Scholars have long considered the elegiac characteristics of Thoreau’s work. Yet few have explored how his personal views on death and dying influenced his philosophies and writings. In beautiful prose, Audrey Raden places Thoreau’s views of death and dying at the center of his work, contending that it is crucial to consider the specific historical and regional contexts in which he lived—nineteenth-century New England—to fully appreciate his perspectives. To understand death and dying, Thoreau drew on Christian and Eastern traditions, antebellum Northern culture, Transcendentalism, and his personal relationship with nature. He then suffused his writings with these understandings, through what Raden identifies as three key approaches—the sentimental, the heroic, and the mystical.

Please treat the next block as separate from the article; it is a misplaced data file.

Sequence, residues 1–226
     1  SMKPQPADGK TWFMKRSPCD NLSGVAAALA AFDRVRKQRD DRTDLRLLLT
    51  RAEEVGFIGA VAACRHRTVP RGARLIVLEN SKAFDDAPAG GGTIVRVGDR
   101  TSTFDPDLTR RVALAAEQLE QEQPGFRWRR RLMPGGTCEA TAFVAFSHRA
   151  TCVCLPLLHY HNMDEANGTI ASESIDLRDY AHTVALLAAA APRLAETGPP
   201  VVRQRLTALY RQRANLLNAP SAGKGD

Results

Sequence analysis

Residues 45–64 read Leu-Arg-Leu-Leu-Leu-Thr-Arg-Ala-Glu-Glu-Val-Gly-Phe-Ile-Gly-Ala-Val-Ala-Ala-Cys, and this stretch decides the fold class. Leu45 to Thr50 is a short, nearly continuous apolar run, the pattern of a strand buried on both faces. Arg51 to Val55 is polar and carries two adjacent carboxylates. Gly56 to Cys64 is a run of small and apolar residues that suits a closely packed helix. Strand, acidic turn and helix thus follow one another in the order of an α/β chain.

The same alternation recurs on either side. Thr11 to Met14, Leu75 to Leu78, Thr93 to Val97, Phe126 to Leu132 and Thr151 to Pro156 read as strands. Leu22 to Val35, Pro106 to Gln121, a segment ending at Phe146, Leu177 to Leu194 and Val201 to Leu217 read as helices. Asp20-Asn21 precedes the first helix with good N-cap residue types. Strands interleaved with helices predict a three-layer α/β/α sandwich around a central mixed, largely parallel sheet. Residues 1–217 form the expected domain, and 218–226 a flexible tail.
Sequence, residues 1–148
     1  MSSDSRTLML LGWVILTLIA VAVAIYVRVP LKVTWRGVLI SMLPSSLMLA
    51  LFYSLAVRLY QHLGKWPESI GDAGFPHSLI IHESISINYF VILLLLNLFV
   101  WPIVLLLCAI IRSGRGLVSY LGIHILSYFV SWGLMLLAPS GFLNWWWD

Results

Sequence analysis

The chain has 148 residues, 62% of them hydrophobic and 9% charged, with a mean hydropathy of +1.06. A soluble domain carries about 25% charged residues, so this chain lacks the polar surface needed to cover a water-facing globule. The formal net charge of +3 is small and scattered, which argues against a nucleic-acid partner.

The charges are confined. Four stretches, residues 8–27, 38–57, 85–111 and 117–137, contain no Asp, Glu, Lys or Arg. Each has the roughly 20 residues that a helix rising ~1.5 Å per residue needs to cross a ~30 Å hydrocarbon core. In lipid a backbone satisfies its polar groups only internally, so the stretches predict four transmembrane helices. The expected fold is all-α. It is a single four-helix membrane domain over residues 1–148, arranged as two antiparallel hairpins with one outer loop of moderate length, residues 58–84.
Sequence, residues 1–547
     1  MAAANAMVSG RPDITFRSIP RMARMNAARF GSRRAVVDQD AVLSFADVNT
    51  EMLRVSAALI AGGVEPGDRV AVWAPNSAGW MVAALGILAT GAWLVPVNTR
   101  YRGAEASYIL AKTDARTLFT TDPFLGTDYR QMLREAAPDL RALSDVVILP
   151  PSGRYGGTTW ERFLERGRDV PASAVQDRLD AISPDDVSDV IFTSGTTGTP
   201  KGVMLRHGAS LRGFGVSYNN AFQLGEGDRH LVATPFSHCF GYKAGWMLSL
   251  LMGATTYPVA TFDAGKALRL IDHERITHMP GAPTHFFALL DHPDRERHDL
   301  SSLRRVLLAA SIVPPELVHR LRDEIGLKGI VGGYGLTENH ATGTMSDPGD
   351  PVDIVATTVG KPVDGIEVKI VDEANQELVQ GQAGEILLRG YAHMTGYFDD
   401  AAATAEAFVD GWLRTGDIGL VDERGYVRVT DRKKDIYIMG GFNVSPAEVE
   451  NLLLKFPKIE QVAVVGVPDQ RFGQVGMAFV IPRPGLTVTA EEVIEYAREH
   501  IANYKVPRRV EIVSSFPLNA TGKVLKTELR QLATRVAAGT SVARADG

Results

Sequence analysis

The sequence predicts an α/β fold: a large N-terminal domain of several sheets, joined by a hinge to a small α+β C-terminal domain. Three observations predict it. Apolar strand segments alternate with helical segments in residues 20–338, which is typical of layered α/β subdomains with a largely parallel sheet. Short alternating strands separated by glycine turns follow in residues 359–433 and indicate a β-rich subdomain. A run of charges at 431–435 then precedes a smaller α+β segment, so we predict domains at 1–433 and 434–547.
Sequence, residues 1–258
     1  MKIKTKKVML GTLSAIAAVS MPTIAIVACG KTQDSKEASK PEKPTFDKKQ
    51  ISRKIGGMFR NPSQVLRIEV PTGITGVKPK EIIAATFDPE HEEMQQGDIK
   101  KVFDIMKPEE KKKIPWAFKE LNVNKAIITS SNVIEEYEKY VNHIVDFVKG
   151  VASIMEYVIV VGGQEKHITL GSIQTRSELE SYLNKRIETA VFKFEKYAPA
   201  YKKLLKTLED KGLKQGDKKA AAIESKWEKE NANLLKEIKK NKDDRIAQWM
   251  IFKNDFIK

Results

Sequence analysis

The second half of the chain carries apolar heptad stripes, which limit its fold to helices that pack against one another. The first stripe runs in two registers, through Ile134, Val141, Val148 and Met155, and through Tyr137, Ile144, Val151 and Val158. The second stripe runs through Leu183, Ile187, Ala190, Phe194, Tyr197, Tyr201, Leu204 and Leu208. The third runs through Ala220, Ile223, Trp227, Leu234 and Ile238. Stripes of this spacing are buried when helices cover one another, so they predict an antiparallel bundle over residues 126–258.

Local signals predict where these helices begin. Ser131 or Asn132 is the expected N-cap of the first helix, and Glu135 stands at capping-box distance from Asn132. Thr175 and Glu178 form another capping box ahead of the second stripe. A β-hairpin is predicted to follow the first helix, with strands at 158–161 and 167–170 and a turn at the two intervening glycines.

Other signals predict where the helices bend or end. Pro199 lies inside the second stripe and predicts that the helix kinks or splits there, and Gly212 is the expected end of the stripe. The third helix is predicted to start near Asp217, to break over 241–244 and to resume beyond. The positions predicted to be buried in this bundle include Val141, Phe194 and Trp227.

When I Came to Die suggests that throughout his writings, Thoreau communicated that knowing how to die properly is an art and a lifelong study, a perspective that informed his ideas about politics, nature, and individualism. With this insight, Raden opens a dialogue that will engage both Thoreauvians and those interested in American literature and thought.